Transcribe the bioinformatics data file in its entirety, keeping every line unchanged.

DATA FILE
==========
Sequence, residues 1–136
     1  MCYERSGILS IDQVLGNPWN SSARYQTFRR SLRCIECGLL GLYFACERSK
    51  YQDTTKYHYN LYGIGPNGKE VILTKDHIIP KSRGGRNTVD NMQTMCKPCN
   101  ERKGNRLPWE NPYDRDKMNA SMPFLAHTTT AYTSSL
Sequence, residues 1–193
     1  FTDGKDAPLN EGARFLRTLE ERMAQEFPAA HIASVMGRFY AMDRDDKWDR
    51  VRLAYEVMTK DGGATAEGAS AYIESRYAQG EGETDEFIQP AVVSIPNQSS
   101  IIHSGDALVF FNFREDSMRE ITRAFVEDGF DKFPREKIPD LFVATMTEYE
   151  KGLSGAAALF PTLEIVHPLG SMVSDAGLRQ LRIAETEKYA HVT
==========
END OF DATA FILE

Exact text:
Sequence, residues 1–136
     1  MCYERSGILS IDQVLGNPWN SSARYQTFRR SLRCIECGLL GLYFACERSK
    51  YQDTTKYHYN LYGIGPNGKE VILTKDHIIP KSRGGRNTVD NMQTMCKPCN
   101  ERKGNRLPWE NPYDRDKMNA SMPFLAHTTT AYTSSL
Sequence, residues 1–193
     1  FTDGKDAPLN EGARFLRTLE ERMAQEFPAA HIASVMGRFY AMDRDDKWDR
    51  VRLAYEVMTK DGGATAEGAS AYIESRYAQG EGETDEFIQP AVVSIPNQSS
   101  IIHSGDALVF FNFREDSMRE ITRAFVEDGF DKFPREKIPD LFVATMTEYE
   151  KGLSGAAALF PTLEIVHPLG SMVSDAGLRQ LRIAETEKYA HVT